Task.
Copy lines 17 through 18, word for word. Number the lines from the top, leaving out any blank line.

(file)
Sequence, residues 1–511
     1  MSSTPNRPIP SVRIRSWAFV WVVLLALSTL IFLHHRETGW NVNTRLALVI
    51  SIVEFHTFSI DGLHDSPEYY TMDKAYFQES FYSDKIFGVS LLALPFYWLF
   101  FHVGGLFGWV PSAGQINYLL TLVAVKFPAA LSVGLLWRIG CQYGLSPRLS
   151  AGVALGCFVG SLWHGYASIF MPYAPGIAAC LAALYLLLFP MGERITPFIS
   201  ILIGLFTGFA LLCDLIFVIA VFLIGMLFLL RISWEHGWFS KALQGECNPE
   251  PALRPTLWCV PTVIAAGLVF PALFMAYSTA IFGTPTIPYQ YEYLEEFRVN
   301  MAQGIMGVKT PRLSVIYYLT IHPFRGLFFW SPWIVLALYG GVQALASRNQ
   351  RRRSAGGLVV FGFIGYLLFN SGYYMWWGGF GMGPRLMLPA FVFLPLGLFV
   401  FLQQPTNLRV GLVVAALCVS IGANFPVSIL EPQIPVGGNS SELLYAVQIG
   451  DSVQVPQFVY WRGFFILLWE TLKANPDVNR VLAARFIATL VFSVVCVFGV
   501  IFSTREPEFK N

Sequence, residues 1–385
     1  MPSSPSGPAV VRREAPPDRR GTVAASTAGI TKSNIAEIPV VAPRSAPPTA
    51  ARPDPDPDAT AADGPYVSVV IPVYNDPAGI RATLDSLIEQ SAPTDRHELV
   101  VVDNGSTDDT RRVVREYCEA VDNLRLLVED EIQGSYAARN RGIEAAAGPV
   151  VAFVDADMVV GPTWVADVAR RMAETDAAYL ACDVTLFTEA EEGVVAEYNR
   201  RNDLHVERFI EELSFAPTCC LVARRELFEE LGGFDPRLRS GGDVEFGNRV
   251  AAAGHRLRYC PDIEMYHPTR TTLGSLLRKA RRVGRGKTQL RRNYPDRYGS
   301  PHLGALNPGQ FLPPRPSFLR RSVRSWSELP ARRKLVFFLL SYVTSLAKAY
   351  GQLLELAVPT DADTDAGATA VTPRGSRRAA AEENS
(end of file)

   151  VAFVDADMVV GPTWVADVAR RMAETDAAYL ACDVTLFTEA EEGVVAEYNR
   201  RNDLHVERFI EELSFAPTCC LVARRELFEE LGGFDPRLRS GGDVEFGNRV